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Result of the Pacing to Avoid Cardiac Enlargement (PACE) Trial 1 Institute of Vascular Medicine & Division of Cardiology, Department of Medicine & Therapeutics,

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Presentation on theme: "Result of the Pacing to Avoid Cardiac Enlargement (PACE) Trial 1 Institute of Vascular Medicine & Division of Cardiology, Department of Medicine & Therapeutics,"— Presentation transcript:

1 Result of the Pacing to Avoid Cardiac Enlargement (PACE) Trial 1 Institute of Vascular Medicine & Division of Cardiology, Department of Medicine & Therapeutics, Prince of Wales Hospital, The Chinese University of Hong Kong, Hong Kong 2 Department of Cardiology, National Heart Institute, Kuala Lumpur, Malaysia 1 Cheuk-Man Yu, 1 Joseph Yat-Sun Chan, 2 Omar Razali, 2 Hussin Azlan, 1 Qing Zhang, 1 Gabriel Wai- Kwok Yip, 1 Fang Fang, 1 Anna Chan, 1 Yat-Yin Lam, 1 Jeffrey Wing-Hong Fung

2  Cheuk-Man YU, MD  Result of the Pacing to Avoid Cardiac Enlargement (PACE) Trial FINANCIAL DISCLOSURE:  Consulting fees from Philips, lecture fees from GE, St. Jude Medical, Philips, Medtronic, and Boston Scientific, and research grants from Sanofi-Aventis, Hong Kong, and Philips. This study was supported by a research grant from Medtronic Inc. UNLABELED/UNAPPROVED USES DISCLOSURE: None Presenter Disclosure Information

3 Background Right ventricular apical (RVA) pacing  Deleterious effect on LV systolic function has long been recognized  Unexpected increased rates of death and heart failure admissions (DAVID trial)  Adverse clinical outcomes in patients with standard pacing indications  Easy accessibility, relative stability, though the optimal mode and site of pacing? Biventricular (BiV) pacing vs. RVA pacing  Preclinical data: BiV > RVA to preserve myocardial performance (normal EF)  Acute hemodynamic study: BiV > RVA to preserve LV systolic function (normal EF)  Clinical study: BiV > RVA to improve exercise capacity & quality of life (LV dysfunction)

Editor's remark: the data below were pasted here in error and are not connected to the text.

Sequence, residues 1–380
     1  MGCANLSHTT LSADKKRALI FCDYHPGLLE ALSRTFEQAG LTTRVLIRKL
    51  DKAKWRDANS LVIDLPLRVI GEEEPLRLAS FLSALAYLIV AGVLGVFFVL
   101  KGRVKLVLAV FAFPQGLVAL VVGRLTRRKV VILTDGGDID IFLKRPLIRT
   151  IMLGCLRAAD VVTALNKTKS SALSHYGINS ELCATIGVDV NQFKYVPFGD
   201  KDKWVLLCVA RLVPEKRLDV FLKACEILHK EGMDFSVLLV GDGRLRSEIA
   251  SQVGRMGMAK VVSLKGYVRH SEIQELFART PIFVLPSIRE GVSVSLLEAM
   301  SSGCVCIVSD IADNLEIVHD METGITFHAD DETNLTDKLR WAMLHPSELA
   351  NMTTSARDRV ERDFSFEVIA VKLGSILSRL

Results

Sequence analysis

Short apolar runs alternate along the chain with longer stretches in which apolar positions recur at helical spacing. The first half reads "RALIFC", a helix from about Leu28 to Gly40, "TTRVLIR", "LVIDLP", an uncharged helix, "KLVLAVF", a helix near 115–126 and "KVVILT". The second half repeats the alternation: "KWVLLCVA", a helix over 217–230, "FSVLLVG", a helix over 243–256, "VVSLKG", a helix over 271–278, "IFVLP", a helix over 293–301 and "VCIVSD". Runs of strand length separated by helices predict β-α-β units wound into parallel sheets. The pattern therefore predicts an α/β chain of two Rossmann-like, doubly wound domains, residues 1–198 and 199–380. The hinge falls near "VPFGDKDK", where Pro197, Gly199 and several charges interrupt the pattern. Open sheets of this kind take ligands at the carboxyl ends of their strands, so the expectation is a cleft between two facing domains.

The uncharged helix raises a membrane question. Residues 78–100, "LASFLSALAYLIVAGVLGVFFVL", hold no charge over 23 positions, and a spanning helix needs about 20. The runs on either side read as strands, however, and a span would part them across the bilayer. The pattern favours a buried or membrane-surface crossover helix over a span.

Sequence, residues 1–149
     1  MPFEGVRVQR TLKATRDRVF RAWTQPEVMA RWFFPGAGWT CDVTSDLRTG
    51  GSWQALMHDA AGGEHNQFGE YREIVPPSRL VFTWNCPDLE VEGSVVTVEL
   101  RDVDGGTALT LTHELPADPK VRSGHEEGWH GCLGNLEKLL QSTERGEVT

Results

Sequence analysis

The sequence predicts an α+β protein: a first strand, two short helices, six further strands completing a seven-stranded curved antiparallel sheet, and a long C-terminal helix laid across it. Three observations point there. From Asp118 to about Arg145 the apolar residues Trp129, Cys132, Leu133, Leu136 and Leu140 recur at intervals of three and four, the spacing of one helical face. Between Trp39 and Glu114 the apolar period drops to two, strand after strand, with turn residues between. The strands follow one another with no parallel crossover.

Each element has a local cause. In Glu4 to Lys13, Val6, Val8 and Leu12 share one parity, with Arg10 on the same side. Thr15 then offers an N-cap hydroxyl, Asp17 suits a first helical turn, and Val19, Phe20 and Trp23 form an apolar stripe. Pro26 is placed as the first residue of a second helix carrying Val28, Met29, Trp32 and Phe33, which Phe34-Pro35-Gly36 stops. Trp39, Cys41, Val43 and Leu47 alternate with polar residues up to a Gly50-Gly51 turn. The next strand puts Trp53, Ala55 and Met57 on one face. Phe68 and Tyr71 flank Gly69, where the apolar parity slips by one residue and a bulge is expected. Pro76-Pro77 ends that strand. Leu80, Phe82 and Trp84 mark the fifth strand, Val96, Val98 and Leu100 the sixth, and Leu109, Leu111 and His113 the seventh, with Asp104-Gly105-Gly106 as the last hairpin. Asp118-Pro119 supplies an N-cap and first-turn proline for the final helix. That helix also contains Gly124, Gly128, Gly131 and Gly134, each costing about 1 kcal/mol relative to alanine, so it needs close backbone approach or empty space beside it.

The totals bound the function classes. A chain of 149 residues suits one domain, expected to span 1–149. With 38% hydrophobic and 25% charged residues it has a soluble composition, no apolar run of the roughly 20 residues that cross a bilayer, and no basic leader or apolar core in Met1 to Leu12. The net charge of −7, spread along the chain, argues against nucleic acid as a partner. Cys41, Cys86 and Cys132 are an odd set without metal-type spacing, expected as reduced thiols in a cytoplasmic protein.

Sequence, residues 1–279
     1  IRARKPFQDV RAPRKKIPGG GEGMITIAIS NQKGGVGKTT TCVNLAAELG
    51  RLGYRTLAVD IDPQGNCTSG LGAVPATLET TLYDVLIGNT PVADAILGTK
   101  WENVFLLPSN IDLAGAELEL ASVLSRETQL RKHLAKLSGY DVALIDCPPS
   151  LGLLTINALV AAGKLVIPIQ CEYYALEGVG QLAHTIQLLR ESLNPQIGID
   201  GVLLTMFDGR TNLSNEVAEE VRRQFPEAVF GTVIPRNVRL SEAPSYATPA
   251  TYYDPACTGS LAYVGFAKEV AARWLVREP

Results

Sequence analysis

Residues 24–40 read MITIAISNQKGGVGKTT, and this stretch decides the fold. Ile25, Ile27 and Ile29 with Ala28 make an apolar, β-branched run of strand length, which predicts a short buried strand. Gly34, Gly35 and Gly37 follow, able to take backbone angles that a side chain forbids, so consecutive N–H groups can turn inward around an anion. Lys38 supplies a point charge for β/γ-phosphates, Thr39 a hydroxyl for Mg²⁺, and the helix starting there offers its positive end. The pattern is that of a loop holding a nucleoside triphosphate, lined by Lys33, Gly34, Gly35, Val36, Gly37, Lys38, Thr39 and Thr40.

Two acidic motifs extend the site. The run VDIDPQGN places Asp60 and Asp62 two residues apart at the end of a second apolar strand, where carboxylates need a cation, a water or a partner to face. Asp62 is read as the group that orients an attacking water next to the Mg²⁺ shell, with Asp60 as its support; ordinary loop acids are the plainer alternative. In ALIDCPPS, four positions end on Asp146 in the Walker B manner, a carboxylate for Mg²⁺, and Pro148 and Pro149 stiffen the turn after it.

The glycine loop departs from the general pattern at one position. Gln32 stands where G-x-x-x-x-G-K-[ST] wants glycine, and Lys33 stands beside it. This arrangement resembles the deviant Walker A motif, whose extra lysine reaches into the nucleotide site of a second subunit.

4 Hypothesis & Study Design A multicenter, prospective, double-blinded, randomized study If atrial-synchronized BiV pacing is superior to RVA pacing in preserving LV systolic function & avoiding adverse LV structural remodeling in patients with standard pacing indication and normal LV ejection fraction

5 Patients Inclusion criteria  Patients with normal LV ejection fraction ( ≥ 45%) who had standard pacing indications Exclusion criteria  Persistent atrial fibrillation  Acute coronary syndrome  Percutaneous coronary intervention or coronary artery bypass surgery <3 months  Life expectancy of <6 months  Heart transplant recipients  Pregnant women

6 Study flowchart Recruitment 251 Were screened for pacemaker therapy 238 Fulfilled the study inclusion criteria 193 Underwent device implantation Excluded: inadequate image quality (7), ejection fraction<45% (6) 45 declined participation 177 underwent randomization 67 Had normal diastolic function 110 Had diastolic dysfunction RVA pacing (n=33) Biv pacing (n=34) RVA pacing (n=55) BiV pacing (n=55)Randomization 88 received RVA pacing (97% RVA pacing) 89 received BiV pacing (98% BiV pacing) 86 completed 1-yr follow up 88 completed 1-yr follow up (1 had inadequate image quality for analysis) 1 declined follow up 1 died, 1 declined follow up Follow up

7 Study End-points Primary End-points  LV ejection fraction at 12 months  LV end-systolic volume at 12 months Secondary End-points  LV end-diastolic volume  6-min hall walk distance  Quality of life scores